Startling new research shows that top-selling scented liquid laundry detergents and scented dryer sheets contains hazardous chemicals, including two that are classified as carcinogens.
The findings published online in the journal Air Quality, Atmosphere and Health, come from a team of researchers at the University of Washington, Seattle led by professor Anne Steinmann.
The research builds on earlier work that looked at chemicals released by a variety of scented products including laundry products, air fresheners, cleaners, lotions. Manufacturers are allowed to hide behind ‘trade secret’ rules when it come to such products and therefore are not required to disclose the ingredients used on their labels.
To conduct this latest study the research team first purchased and pre-rinsed new, organic cotton towels. They asked two homeowners to volunteer their washers and dryers, which were thoroughly cleaned before use.
At the first home, they ran a regular laundry cycle and analysed the vent fumes for three cases: once with no products, once with the leading brand of scented liquid laundry detergent, and finally with both the detergent and a leading brand of scented dryer sheets. A canister placed inside the dryer vent opening captured the exhaust 15 minutes into each drying cycle. Researchers then repeated the procedure with a different washer and dryer at a second home.
Analysis of the captured gases found more than 25 volatile organic compounds, including seven hazardous air pollutants, coming out of the vents. Of those, two chemicals – acetaldehyde and benzene – are classified by the US Environmental Protection Agency as carcinogens, for which the Agency has established no safe exposure level.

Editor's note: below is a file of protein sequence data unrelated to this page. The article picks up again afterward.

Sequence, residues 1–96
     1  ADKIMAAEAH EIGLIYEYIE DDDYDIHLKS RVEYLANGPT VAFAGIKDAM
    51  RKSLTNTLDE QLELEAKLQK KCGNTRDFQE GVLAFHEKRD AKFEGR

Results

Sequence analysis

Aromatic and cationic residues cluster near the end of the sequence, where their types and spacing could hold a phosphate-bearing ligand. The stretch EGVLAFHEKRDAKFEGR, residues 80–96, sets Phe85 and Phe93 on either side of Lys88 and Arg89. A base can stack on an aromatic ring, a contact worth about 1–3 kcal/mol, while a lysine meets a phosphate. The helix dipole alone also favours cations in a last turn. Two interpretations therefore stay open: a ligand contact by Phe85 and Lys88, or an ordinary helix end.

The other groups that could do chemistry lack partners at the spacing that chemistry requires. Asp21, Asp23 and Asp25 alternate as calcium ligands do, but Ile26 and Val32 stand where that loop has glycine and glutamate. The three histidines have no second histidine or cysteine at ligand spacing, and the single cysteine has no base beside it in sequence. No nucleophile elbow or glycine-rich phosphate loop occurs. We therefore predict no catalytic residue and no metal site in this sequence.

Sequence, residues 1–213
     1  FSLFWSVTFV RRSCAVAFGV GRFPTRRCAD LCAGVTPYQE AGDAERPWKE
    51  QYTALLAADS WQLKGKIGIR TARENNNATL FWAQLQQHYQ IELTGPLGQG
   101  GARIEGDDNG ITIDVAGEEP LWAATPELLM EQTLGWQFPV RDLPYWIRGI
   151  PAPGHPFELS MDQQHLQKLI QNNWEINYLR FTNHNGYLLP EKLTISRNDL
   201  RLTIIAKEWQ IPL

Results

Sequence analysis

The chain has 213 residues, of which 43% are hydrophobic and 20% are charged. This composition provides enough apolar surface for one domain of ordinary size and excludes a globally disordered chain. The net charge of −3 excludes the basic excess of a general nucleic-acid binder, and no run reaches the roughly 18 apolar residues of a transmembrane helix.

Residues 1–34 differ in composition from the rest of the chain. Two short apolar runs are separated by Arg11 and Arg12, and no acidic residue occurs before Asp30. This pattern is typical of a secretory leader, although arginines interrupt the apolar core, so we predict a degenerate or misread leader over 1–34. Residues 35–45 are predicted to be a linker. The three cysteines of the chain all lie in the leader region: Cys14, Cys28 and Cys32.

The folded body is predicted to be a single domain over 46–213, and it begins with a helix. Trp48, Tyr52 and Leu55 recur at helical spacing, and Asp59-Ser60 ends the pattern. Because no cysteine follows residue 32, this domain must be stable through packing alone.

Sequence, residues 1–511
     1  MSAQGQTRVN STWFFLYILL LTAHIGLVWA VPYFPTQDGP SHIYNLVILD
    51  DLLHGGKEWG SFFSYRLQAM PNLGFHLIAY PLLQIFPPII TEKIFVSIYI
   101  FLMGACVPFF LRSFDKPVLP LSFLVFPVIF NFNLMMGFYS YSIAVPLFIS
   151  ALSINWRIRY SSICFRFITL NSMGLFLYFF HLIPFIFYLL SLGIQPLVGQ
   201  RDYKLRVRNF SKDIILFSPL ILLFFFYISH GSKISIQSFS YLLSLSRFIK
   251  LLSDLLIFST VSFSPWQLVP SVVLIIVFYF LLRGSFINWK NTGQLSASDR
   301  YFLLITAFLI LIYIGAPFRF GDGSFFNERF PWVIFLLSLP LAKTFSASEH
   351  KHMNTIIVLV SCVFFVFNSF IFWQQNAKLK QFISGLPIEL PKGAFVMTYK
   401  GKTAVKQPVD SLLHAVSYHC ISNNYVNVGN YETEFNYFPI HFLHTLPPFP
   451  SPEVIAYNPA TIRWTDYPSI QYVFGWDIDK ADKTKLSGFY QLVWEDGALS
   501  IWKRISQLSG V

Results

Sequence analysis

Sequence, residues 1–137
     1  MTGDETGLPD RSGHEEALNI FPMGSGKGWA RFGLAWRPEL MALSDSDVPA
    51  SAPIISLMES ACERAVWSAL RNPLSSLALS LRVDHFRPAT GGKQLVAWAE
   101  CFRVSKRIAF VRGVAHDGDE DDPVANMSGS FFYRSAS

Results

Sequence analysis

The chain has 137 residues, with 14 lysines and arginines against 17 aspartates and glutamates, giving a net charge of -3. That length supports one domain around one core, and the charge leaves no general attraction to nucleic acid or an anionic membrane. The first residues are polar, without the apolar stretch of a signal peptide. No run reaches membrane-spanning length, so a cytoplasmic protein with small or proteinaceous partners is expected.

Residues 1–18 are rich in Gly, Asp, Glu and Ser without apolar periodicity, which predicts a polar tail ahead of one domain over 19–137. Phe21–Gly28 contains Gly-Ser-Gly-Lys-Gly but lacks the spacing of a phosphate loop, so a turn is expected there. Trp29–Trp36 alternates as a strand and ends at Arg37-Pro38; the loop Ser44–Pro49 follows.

“These products can affect not only personal health, but also public and environmental health. The chemicals can go into the air, down the drain and into water bodies,” Steinemann said.
The researchers estimate that in the Seattle area, where the study was conducted, acetaldehyde emissions from this single brand of laundry detergent would be equivalent to 3% of the total acetaldehyde emissions coming from automobiles. Emissions from the top five brands, they estimate, would constitute about 6% of automobiles’ acetaldehyde emissions.
“We focus a lot of attention on how to reduce emissions of pollutants from automobiles,” Steinemann said. “And here’s one source of pollutants that could be reduced.”
The recent study is part of an ongoing investigation into fragranced products. The project’s website also includes letters from the public reporting health effects from scented consumer products. Steinemann says it was people’s reports of adverse reactions to fragranced air coming from laundry vents motivated her to conduct this study.
Based on her findings Steinemann recommends using laundry products without any fragrance or scent.
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